A person is an “accountant” under 26 U.S.C. 7609(a)(3)(F) for purposes of determining whether that person is a third-party recordkeeper if the person is registered, licensed, or certified under State law as an accountant.
A person is an “attorney” under 26 U.S.C. 7609(a)(3)(E) for purposes of determining whether that person is a third-party recordkeeper if the person is admitted to the bar of a State or the District of Columbia.
(3) Credit cards—
(i) Person extending credit through credit cards.
The term “person extending credit through credit cards or similar devices” under 26 U.S.C. 7609(a)(3)(C) generally includes any person who issues a credit card. It does not include a seller of goods or services that honors credit cards issued by other parties but does not extend credit on the basis of credit cards or similar devices issued by itself.
(iii) Similar devices to credit cards.
An object is a “similar device” to a credit card under 26 U.S.C. 7609(a)(3)(C) only if it is physical in nature, such as a coupon book, a charge plate, or a letter of credit. Thus, a person who extends credit by requiring credit customers to sign sales slips without requiring use of physical objects issued by that person is not a third-party recordkeeper under 26 U.S.C. 7609(a)(3)(C).
(b) When third-party recordkeeper status arises.
A person is a “third-party recordkeeper” with respect to a given set of records only if the person made or kept the records in the person's capacity as a third-party recordkeeper. Thus, for instance, an accountant is not a third-party recordkeeper (by reason of being an accountant) with respect to the accountant's records of a sale of property by the accountant to another person. Similarly, a credit card issuer is not a third-party recordkeeper (by reason of being a person extending credit through the use of credit cards or similar devices) with respect to:
Records relating to noncredit card transactions, such as a cash sale by the issuer to a holder of the issuer's credit card; or
Records relating to transactions involving the use of another issuer's credit card.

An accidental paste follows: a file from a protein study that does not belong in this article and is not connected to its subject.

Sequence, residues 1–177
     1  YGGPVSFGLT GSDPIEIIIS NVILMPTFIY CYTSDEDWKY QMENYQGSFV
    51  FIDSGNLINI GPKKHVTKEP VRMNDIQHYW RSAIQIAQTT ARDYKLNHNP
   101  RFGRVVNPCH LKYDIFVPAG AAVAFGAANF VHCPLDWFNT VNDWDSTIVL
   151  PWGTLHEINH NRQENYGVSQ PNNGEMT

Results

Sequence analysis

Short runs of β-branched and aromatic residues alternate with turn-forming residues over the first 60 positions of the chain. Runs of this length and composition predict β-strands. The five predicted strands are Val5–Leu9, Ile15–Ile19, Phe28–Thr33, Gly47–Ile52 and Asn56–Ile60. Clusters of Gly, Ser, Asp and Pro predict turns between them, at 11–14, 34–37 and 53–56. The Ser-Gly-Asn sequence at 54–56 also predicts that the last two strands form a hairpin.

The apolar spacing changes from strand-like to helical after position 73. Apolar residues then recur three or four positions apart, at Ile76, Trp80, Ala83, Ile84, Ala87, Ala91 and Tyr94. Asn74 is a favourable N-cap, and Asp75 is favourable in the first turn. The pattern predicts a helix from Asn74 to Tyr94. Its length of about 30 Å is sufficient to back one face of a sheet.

(c) Duty of third-party recordkeeper—
(1) In General.
Upon receipt of a summons, the third-party recordkeeper (“recordkeeper”) must begin to assemble the summoned records. The recordkeeper must be prepared to produce the summoned records on the date which the summons states the records are to be examined regardless of the institution or anticipated institution of a proceeding to quash or the recordkeeper's intervention (as allowed under 26 U.S.C. 7609(a)(3)(C)) into a proceeding to quash.
(2) Disclosing recordkeepers not liable—
(i) In general.
A recordkeeper, or an agent or employee thereof, who makes a disclosure of records as required by this section, in good faith reliance on the “Certificate of the Secretary” (as defined in paragraph (c)(2)(ii) of this section) or an order of a court requiring production of records, will not be liable for such disclosure to any customer, or to any party with respect to whose tax liability the summons was issued, or to any other person.
(ii) Certificate of the Secretary.
The appropriate TTB officer may issue to the recordkeeper a “Certificate of the Secretary” stating both:
That the 20-day period, within which a notified person may institute a proceeding to quash the summons has expired; and
That no proceeding has been properly instituted within that period.
The appropriate TTB officer may also issue a “Certificate of the Secretary” to the recordkeeper if the taxpayer, with respect to whose tax liability the summons was issued, expressly consents to the examination of the records summoned.
(3) Reimbursement of costs.
Recordkeepers may be entitled to reimbursement of their costs of assembling and preparing to produce summoned records, to the extent allowed by 26 U.S.C. 7610, even if the summons ultimately is not enforced.
26 U.S.C. 7609
[T.D. ATF-301, 55 FR 47608, Nov. 14, 1990]